The feel of that particular video is wistful and bittersweet, but one of the best things about Her is that it’s also got a great sense of humor. Jonze seems to know exactly how seriously to take the film’s far-fetched conceit. But if he’d taken things a step further into comic side, he might’ve come up with something like Him, a parody sequel that imagines a woman falling for her operating system.
Watch both the Her featurette and the fake Him trailer after the jump.
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Fresh off working with Warner Bros. on Her, it seems Joaquin Phoenix is being eyed by the studio for the villain role in Zack Snyder‘s Batman vs. Superman. Variety reports the actors has been offered the lead bad guy rule, believed to be Lex Luthor.
Update: Phoenix is quoted in a new LA Weekly story, expressing his desire to do a blockbuster. Read below.
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The new film from Spike Jonze is Her, which delves into the strangeness of modern relationships through an unusual device: Joaquin Phoenix plays a man who falls in love with a piece of software, appealingly voiced by Scarlett Johansson.
Set in a slightly sci-fi near-future Los Angeles, the story features Phoenix interacting with Johansson in voice only, through an earpiece that allows him to stay in constant contact with the operating system of his dreams. This is no glib gag laughing at the idea of a man/machine romance, however, but an earnest inquiry into what makes relationships tick.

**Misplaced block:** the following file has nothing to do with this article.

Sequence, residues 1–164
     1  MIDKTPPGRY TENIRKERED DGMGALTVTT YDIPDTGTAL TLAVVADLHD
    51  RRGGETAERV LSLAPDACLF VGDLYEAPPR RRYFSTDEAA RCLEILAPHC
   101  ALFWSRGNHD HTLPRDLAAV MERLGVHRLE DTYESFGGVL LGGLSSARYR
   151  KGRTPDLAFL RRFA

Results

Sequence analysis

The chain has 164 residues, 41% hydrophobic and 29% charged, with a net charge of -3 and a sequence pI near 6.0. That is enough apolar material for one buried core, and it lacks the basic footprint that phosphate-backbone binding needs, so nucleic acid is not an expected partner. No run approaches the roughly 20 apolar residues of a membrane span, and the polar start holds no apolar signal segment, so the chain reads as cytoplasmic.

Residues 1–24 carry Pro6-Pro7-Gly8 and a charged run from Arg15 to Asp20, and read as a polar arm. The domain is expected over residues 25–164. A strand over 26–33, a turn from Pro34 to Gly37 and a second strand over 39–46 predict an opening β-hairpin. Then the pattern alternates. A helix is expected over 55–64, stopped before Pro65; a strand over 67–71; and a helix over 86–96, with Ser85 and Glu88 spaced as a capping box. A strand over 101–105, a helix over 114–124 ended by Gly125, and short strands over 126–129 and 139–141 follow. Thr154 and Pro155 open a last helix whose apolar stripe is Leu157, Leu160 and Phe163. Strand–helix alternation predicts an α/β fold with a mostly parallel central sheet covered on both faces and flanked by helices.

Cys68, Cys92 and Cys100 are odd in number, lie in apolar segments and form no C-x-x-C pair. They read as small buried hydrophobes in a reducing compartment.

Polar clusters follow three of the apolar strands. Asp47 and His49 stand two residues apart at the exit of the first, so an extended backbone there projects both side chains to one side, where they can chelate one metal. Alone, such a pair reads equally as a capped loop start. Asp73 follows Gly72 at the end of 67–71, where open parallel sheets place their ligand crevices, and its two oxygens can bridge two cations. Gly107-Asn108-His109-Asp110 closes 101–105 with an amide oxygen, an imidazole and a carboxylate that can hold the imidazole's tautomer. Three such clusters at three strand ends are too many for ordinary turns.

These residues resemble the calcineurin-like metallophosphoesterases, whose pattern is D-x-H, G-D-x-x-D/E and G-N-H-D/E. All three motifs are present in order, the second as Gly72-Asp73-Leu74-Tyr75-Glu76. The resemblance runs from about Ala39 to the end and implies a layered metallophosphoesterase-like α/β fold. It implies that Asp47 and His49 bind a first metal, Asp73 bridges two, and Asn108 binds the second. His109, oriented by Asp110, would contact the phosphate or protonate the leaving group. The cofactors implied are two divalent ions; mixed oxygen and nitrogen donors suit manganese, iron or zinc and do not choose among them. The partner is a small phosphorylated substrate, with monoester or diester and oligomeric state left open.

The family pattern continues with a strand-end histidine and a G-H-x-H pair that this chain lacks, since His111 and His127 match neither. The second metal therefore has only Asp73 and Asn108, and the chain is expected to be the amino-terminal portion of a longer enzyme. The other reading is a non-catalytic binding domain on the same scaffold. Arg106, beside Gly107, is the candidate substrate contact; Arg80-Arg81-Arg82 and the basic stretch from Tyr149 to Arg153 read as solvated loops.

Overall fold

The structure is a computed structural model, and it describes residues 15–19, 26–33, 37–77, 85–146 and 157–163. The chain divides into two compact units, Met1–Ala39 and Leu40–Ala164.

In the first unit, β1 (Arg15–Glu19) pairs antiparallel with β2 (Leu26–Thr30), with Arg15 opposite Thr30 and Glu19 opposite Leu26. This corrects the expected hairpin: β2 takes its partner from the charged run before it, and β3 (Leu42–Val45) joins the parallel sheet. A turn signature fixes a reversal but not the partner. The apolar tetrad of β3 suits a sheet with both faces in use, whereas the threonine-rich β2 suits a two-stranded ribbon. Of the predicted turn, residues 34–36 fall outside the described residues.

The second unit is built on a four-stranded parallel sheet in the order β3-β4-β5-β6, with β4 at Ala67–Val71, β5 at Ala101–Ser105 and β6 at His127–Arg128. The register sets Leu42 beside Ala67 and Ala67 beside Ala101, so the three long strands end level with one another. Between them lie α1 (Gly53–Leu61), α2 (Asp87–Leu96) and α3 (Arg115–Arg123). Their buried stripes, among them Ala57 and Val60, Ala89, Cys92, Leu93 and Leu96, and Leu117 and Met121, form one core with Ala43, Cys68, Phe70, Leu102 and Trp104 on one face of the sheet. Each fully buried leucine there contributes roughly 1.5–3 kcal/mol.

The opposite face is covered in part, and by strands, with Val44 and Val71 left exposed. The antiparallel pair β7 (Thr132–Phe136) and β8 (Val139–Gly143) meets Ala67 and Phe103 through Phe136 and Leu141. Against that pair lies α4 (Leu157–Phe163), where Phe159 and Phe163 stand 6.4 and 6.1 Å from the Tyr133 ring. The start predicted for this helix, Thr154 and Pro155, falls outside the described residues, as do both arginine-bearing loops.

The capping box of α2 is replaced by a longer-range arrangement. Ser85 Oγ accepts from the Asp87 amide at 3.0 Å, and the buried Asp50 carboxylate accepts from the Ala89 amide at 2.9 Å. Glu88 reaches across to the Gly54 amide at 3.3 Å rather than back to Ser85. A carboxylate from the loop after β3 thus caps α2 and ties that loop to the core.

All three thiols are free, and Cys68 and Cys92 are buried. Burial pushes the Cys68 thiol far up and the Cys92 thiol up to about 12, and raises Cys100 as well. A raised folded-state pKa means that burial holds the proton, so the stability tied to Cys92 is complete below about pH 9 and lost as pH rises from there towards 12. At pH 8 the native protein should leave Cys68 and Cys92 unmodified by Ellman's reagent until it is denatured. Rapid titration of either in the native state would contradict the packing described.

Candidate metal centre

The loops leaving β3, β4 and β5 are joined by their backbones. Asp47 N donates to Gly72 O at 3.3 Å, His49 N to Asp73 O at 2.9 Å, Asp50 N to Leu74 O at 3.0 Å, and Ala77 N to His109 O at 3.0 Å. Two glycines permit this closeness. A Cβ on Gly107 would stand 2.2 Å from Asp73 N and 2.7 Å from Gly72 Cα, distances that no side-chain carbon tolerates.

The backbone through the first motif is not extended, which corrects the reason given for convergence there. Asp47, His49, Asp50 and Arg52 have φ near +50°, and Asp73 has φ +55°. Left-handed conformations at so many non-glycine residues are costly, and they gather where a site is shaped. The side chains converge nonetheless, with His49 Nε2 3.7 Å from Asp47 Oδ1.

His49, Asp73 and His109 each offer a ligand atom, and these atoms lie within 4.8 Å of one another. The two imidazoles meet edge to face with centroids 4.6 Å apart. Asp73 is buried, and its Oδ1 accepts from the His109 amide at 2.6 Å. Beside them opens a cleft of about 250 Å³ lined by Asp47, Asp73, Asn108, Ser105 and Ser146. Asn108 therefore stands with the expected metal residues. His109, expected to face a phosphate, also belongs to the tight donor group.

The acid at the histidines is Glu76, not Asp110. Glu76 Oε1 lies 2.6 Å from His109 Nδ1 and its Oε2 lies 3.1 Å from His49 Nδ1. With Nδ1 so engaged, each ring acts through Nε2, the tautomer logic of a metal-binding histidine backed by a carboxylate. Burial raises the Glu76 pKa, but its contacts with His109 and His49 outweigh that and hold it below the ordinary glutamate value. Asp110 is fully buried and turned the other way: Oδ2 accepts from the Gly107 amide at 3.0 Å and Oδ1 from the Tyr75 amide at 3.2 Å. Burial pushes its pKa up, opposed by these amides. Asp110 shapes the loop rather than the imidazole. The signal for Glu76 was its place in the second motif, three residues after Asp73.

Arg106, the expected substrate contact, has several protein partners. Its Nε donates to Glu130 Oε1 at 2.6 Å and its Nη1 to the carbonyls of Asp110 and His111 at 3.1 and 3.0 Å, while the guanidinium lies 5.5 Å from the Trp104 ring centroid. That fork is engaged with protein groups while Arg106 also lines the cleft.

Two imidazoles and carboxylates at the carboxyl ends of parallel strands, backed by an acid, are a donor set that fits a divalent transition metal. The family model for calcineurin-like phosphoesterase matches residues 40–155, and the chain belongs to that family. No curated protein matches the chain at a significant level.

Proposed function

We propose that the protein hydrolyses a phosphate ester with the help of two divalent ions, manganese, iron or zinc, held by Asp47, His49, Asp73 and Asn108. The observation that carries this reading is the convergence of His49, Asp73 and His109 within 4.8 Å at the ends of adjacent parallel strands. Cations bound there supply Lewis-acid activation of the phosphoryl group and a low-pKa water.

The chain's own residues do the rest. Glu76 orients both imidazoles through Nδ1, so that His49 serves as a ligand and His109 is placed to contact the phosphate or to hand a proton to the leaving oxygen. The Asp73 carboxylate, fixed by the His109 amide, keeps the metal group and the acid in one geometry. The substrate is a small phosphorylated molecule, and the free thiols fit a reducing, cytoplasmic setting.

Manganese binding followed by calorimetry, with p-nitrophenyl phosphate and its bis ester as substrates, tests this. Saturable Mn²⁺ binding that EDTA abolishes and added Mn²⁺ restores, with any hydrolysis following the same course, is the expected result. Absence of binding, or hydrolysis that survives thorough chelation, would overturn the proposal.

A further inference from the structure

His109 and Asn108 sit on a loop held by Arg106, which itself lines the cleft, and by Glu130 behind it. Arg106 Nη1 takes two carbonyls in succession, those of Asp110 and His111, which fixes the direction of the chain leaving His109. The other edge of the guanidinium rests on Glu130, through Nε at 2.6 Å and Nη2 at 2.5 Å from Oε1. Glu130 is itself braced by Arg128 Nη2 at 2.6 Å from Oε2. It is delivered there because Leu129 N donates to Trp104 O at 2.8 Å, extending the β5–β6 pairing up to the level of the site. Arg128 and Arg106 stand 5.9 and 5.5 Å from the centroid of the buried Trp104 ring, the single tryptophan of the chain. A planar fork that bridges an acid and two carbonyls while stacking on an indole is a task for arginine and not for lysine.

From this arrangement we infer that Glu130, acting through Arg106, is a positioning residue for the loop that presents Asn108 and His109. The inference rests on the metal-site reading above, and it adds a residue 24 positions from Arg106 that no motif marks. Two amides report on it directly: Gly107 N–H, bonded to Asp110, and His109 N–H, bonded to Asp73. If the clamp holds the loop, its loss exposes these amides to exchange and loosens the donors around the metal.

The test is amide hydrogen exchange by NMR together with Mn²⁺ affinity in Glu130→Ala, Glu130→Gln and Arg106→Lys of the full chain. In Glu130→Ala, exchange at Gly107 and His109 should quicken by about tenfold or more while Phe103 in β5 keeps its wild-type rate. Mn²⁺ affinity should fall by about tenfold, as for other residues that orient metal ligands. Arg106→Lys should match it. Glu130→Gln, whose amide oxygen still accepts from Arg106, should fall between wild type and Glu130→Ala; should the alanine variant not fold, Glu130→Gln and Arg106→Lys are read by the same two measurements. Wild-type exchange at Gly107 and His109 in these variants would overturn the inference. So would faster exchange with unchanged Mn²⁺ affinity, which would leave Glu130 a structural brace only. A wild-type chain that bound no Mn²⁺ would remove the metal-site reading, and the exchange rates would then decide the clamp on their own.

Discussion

There’s a new trailer out today, which you can see below. Read More »
There’s a vast difference between simply making a movie and taking the time to develop a new idea to make a movie about. It’s the difference between franchises releasing a new sequel every year, and the work of Spike Jonze, a filmmaker who up to this point has only made three movies in 15 years. His fourth film, Her, is the director’s first original screenplay. It’s everything you’d hope for from the mad genius who brought to life Being John Malkovich, Adaptation and Where the Wild Things Are.
Her is a dramatic sci-fi romance about a man named Theodore (Joaquin Phoenix) who falls in love with his artificially intelligent computer operating system (voiced by Scarlett Johansson). It’s a simple, yet brilliant conceit realized with depth and emotion, two rare traits in mainstream cinema. The depth comes from Jonze’s ideas about technological dependence and loneliness, and the emotion is conveyed as the film raises questions about what it means to love and our capacity to do so. It’s a film that’ll both spark intelligent debate and plenty of tears.
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This looks promising. The Immigrant is James Gray‘s latest film, which debuted at Cannes to generally positive reviews. And no wonder: the film stars Joaquin Phoenix, Marion Cotillard and Jeremy Renner in a love triangle of sorts, as Phoenix “helps” Cotillard as she immigrates to the US in the 1920, then traps her in a life of prostitution. Renner plays Phoenix’s cousin, and the man who could set her free. Sure, that’s a pretty hoary old story, but with the talent involved it still has appeal. And coming from Gray (and cinematographer Darius Khondji) I’d expect more out of it than the basic description suggests.
Note: this trailer is not safe for work, due to some nudity. Read More »